An odd title I know! You would think that the terms ‘humanistic’ (if there is such a word?) and ‘change’ go hand it hand, so why would I choose to focus on exploring their connection.
Well, as I reflected upon the year of changes that have taken place within our Client organisations and as a contributing Author to our new eBook – 44 Ways to Take Your People With You, I continued to ask myself the question: “Why is change so confounding?”. Research still points to as many as one in three transformation efforts failing to deliver anticipated benefits. Despite the increasing array of research, models and education available on the topic of change, for the past few decades, the statistics and perceptions around change remain, well…unchanged.
I believe the answer lies in the title of this post.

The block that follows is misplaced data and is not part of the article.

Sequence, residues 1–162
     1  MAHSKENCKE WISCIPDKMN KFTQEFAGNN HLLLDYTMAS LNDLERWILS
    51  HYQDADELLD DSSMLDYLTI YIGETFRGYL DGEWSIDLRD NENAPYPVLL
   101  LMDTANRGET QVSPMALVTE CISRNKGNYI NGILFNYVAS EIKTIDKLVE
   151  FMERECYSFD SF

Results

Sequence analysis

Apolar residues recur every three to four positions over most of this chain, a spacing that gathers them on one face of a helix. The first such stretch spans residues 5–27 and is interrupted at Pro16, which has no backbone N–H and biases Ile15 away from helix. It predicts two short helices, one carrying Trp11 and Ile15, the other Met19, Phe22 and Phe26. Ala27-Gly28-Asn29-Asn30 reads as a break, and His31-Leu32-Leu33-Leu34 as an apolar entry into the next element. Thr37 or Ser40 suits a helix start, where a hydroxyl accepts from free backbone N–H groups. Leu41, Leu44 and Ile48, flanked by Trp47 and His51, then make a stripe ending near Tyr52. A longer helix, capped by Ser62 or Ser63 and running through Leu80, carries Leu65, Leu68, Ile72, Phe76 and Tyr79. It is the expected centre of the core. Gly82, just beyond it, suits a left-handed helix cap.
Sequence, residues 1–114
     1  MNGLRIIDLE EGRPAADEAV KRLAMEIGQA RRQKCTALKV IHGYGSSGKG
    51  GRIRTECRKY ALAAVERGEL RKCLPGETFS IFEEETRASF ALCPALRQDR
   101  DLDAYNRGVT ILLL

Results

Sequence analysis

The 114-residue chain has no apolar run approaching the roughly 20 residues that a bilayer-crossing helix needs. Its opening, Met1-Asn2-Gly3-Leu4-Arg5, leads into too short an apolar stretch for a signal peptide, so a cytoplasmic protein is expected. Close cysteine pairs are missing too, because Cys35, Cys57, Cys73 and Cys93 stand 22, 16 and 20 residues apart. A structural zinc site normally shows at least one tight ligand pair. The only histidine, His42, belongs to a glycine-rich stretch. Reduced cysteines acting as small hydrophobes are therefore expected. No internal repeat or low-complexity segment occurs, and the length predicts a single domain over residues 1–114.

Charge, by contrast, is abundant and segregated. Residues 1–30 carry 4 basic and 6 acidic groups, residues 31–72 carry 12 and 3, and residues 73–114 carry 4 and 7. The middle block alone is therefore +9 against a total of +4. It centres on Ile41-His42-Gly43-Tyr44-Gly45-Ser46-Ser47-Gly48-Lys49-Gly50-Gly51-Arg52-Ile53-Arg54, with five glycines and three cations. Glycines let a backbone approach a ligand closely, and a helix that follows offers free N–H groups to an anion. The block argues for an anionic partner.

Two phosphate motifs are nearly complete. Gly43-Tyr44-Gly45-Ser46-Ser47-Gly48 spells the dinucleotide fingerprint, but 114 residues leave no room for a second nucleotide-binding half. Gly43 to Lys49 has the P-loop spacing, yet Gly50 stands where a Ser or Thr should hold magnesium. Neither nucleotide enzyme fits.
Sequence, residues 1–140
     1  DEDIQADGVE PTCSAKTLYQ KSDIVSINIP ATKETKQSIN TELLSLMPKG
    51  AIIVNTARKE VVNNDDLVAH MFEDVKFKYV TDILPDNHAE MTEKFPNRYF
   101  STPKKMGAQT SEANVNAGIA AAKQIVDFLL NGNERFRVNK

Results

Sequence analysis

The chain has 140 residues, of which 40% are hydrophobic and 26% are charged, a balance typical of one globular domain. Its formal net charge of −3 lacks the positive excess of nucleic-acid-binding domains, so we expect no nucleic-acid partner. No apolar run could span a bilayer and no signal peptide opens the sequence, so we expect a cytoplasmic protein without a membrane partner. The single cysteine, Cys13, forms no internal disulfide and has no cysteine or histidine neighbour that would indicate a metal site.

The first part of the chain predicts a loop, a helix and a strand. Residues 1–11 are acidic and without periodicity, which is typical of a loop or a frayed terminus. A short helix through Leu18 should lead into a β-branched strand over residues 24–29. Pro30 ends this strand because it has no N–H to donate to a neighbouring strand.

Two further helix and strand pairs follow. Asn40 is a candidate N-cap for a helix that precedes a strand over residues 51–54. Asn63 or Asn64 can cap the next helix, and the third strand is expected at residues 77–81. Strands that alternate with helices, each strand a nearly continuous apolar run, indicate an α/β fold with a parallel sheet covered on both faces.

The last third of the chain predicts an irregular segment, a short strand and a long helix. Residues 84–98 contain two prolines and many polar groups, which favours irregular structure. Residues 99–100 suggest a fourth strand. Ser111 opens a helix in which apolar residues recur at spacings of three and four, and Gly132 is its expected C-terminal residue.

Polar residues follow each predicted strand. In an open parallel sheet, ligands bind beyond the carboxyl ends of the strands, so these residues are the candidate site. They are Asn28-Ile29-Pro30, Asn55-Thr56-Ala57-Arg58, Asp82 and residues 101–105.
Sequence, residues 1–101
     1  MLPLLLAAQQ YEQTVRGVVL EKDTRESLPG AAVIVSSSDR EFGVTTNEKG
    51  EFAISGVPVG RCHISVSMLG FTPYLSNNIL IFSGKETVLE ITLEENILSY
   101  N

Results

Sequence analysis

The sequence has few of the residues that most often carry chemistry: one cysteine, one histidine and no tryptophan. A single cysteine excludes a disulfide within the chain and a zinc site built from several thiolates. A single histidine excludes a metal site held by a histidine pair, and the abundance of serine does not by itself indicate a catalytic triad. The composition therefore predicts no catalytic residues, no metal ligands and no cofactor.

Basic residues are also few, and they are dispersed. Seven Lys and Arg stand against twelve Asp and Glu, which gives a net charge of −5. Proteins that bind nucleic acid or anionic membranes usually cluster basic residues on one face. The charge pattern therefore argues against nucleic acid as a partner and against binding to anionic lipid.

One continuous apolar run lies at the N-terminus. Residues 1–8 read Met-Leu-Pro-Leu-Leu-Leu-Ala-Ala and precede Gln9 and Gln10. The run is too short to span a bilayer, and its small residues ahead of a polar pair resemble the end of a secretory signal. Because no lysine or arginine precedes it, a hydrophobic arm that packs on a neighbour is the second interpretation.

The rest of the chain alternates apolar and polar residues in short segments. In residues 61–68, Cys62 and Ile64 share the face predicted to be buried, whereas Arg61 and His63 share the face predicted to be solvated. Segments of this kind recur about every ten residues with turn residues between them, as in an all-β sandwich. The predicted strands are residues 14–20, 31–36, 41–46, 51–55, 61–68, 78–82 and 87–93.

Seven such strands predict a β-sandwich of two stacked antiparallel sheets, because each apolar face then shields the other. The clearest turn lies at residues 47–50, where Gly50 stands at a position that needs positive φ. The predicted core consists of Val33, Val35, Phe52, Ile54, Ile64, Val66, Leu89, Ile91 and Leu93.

All change management thinking points us to a very logical and rational set of methods and tools to define, plan and execute the transformation. These models are all pretty much saying the same thing, so there is nothing particularly complex or scientific about this guidance – it all makes sense. Then there is the question of experience in how this is all applied in a real environment with many moving parts, politics and complexities. And yes, often there is an element of capability gap in how the approach is applied, which leads to the change being successful or not. But I still don’t think that is the root cause either. My view is that the humanistic element of change is what almost always gets missed.